Sen. Rob Portman, a Republican from Ohio, on Monday criticized President Donald Trump for requesting that Ukraine and China investigate former Vice President Joe Biden, a notable break from the majority of congressional Republicans, who have defended the President or remained silent.
“The President should not have raised the Biden issue on that call, period. It’s not appropriate for a president to engage a foreign government in an investigation of a political opponent,” Portman told reporters Monday, according to The Columbus Dispatch.
“I don’t view it as an impeachable offense. I think the House, frankly, rushed to impeachment assuming certain things,” he said.
Portman’s comments join a wave of significant scrutiny from Democratic lawmakers – and a limited number of Republicans – over Trump’s requests for foreign governments to investigate Biden or his son, Hunter.
There is no evidence of wrongdoing by Joe or Hunter Biden in Ukraine. There’s also no evidence that the former vice president received any money from China, and a lawyer for Hunter Biden has pushed back on Trump’s characterization, calling it “a gross misrepresentation.”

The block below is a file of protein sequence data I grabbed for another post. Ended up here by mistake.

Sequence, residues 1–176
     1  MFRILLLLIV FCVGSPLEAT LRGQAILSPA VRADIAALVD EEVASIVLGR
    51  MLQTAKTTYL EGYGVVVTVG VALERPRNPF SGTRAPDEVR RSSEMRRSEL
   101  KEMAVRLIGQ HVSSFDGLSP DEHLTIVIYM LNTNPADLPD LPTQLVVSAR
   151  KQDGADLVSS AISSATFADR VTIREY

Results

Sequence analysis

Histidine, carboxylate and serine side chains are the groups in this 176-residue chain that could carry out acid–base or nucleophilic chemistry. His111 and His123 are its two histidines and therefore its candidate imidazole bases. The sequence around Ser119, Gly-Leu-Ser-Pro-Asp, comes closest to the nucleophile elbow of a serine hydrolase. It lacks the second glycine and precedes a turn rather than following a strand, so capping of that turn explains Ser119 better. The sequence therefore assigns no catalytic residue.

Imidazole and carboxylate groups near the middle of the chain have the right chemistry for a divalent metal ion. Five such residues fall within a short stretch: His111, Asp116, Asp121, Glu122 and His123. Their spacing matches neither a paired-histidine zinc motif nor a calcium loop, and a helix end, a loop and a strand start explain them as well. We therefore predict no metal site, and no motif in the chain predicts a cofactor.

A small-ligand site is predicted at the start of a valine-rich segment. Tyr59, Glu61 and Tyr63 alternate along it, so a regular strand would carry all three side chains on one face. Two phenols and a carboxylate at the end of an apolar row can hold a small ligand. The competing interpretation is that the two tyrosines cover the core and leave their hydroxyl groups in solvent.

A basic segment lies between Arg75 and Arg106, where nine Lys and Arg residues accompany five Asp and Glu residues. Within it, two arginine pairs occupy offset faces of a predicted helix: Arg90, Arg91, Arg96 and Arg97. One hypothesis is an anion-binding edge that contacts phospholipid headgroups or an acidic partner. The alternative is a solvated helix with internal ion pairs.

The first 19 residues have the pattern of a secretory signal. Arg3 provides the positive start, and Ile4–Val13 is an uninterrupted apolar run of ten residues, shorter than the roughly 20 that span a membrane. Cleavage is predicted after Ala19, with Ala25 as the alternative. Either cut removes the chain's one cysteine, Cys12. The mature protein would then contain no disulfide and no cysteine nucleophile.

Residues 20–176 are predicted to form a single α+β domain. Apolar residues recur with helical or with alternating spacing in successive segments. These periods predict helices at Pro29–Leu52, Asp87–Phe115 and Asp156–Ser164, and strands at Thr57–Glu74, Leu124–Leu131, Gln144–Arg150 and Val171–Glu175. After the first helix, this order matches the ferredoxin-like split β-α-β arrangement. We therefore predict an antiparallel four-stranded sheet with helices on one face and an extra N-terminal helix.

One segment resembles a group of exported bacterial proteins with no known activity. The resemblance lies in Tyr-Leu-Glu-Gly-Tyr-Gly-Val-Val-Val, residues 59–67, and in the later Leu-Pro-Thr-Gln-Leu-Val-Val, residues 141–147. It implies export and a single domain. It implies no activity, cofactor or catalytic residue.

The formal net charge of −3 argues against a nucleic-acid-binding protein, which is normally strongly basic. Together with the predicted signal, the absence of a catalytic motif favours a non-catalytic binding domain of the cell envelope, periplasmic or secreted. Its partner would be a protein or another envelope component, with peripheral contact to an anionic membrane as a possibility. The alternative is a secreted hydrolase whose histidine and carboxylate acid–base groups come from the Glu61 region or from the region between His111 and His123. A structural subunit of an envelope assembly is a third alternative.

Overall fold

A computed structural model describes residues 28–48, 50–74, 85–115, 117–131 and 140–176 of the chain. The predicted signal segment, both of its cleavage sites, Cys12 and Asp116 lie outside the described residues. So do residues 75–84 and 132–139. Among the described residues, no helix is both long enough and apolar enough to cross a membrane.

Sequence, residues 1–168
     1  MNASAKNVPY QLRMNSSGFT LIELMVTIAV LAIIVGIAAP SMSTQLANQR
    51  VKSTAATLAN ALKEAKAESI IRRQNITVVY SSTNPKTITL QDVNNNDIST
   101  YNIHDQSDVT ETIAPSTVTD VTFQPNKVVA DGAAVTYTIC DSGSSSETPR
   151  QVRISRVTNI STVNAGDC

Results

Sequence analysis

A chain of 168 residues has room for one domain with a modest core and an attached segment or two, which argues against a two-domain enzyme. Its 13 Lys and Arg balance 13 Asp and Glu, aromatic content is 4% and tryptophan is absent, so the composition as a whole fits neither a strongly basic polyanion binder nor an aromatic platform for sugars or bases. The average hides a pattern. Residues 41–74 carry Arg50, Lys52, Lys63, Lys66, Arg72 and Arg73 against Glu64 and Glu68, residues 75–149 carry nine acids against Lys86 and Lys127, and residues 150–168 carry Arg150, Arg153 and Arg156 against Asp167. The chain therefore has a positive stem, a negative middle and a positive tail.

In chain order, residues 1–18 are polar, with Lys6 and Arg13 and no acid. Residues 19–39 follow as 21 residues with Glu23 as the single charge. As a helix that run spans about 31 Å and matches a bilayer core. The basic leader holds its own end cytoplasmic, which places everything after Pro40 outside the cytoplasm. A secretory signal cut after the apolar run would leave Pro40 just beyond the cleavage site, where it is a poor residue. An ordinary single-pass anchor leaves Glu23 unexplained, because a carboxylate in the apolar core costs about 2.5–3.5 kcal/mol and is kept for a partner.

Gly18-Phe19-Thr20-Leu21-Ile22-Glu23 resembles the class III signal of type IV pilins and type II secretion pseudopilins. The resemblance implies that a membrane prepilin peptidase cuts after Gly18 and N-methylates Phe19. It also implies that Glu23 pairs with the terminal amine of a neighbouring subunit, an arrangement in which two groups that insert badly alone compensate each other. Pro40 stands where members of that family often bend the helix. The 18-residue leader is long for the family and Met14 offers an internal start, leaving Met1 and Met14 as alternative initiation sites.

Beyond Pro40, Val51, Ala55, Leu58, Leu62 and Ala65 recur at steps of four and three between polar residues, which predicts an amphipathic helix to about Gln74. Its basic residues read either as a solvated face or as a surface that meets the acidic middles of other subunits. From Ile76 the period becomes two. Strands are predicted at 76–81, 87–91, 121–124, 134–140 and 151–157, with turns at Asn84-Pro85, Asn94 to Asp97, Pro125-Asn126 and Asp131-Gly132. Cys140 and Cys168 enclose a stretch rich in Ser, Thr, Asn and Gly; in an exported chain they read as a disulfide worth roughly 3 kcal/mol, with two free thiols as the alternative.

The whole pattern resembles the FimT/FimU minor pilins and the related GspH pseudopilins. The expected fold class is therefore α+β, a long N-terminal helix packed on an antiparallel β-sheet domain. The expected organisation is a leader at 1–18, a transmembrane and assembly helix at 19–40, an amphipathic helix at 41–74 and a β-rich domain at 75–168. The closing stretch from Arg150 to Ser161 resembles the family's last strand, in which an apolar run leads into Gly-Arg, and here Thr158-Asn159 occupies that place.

House Speaker Nancy Pelosi declared Trump had betrayed his oath of office last month and announced that she was opening a formal impeachment inquiry into the President.
The growing controversy stems from a whistleblower complaint that alleges Trump abused his official powers “to solicit interference” from Ukraine in the 2020 election and that the White House took steps to cover it up. Trump has denied any wrongdoing.
A rough transcript released by the White House shows Trump repeatedly pushed Ukrainian President Volodymyr Zelensky in a July phone call to investigate Joe and Hunter Biden.
CNN reported Sunday that the lawyer for the first whistleblower is now representing a second whistleblower regarding the President’s actions.
Portman also said Monday that the impeachment inquiry and the significant attention it’s attracting mean “it’s going to be even harder” to move bipartisan legislation through Congress.
“It’s sad to me as hard as it is to get things done in Washington, now it’s going to be even harder. And as divided as our country already is, we are going to be even more polarized,” he said.
“I know there are strong feelings on both sides, but we need to be very careful, I think, to step into impeachment.”
CNN’s KFile reported last week that Portman was one of several Republican senators who, in 2016, had signed a bipartisan letter pushing for reforms to Ukraine’s prosecutor general’s office and judiciary, echoing calls then-Vice President Biden made at the time.